HUM 1150 Assessment 4 Creative Process of Creating and Interpreting Cultural Artifacts

For five years, from 2012 to 2017, I was a choir member named International Shining Stars Family (ISSF), based in Queens, NY. Our choir’s mission was to spread light and make a positive impact in our local community. 

We organized annual concerts to raise funds for orphanages and elementary schools in Haiti. The strength of our choir lay in its diversity, encompassing individuals from different cultures, and Christian denominations, and with diverse soloist capabilities. 

It was crucial for us to cultivate empathy as we shared musical and fundraising ideas, ensuring that our innovation was not hindered. We composed and performed original songs, and our voices resonated at various events and churches throughout the year. 

Each August, we pooled our resources and led supply and clothing drives to provide essential provisions to the children in Haiti before the start of the new school year. Over the course of five successful years, we managed to raise between $5000 and $10,000 annually for Haitian orphanages. HUM 1150 Assessment 4 Creative Process of Creating and Interpreting Cultural Artifacts

The Conversation:

For the interview, I decided to interview my husband, considering his background in jazz music, as I believed his perspective would offer a unique insight. We began by individually listening to the song and then engaged in a detailed discussion about our thoughts and impressions.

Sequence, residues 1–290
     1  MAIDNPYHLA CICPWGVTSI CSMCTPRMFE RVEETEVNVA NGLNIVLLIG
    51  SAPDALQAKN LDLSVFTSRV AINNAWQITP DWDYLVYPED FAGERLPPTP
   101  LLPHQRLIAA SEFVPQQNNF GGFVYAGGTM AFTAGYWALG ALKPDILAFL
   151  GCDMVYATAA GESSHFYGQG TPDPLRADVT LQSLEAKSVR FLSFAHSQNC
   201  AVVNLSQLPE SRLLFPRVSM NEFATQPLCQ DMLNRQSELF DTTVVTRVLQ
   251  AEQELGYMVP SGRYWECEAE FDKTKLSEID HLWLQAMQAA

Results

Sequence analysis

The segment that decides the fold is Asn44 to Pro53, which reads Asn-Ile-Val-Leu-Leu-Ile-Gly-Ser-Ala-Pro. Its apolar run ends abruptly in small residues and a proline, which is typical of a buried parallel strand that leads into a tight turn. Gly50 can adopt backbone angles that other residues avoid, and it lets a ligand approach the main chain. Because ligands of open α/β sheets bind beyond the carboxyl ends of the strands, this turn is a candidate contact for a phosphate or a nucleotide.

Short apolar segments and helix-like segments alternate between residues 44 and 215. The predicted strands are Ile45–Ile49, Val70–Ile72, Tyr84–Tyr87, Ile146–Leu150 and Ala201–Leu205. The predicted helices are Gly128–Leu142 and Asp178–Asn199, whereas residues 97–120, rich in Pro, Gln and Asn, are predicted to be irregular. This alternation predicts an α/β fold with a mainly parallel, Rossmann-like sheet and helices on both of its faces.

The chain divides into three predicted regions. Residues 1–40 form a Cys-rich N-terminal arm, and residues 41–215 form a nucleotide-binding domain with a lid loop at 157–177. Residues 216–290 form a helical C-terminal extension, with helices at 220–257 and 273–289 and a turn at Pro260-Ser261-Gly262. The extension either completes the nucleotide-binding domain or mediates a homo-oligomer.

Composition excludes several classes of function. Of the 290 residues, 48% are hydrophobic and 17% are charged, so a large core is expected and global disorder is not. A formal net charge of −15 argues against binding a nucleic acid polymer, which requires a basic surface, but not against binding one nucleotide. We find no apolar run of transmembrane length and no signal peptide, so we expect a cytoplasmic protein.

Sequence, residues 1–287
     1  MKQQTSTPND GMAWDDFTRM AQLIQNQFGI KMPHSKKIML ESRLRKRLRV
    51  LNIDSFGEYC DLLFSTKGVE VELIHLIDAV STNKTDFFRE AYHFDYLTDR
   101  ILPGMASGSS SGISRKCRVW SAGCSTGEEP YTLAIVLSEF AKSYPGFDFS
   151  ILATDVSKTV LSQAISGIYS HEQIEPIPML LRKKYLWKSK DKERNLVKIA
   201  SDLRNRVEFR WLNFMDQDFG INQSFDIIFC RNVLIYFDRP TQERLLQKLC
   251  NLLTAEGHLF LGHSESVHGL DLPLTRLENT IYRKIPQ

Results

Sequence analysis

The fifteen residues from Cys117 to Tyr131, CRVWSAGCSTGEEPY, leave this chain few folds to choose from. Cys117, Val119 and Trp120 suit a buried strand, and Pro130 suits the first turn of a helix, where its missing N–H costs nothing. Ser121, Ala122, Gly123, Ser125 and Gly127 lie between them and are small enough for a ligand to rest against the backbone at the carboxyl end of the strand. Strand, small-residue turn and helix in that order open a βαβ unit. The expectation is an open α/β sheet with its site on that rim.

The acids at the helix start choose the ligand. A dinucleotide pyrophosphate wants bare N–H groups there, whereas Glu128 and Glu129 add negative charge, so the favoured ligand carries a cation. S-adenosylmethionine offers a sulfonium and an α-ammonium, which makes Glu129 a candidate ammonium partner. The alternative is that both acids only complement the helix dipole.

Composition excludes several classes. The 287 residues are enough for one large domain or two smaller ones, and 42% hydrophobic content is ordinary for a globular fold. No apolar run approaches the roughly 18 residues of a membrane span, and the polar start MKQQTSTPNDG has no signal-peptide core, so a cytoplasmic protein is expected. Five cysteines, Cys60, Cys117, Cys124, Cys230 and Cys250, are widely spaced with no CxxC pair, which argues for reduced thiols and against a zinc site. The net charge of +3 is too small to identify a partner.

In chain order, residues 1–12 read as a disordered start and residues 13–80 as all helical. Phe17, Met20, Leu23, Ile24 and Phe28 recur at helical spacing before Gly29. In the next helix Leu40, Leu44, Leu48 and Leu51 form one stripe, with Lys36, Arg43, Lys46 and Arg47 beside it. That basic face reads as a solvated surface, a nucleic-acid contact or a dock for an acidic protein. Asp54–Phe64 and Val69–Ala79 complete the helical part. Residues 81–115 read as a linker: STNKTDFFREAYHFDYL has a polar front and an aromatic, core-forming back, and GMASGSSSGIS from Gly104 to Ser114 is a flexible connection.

I provided my husband with the historical background of the artifact, and his facial expressions revealed a deep sense of awe regarding the song’s impact. While I found immense appreciation in the diversity of races and vocal techniques displayed in the performance, my husband enjoyed the profound impact of the song’s lyrics and the simplicity of its melody and harmonies. 

Through our conversation, we realized that our viewpoints shed light on the different lenses through which we perceive the world. I tend to seek depth and embrace diversity, always delving beyond the surface, whereas my husband’s perspective often leans towards simplicity, finding contentment in life’s simpler aspects. 

HUM 1150 Assessment 4 Creative Process of Creating and Interpreting Cultural Artifacts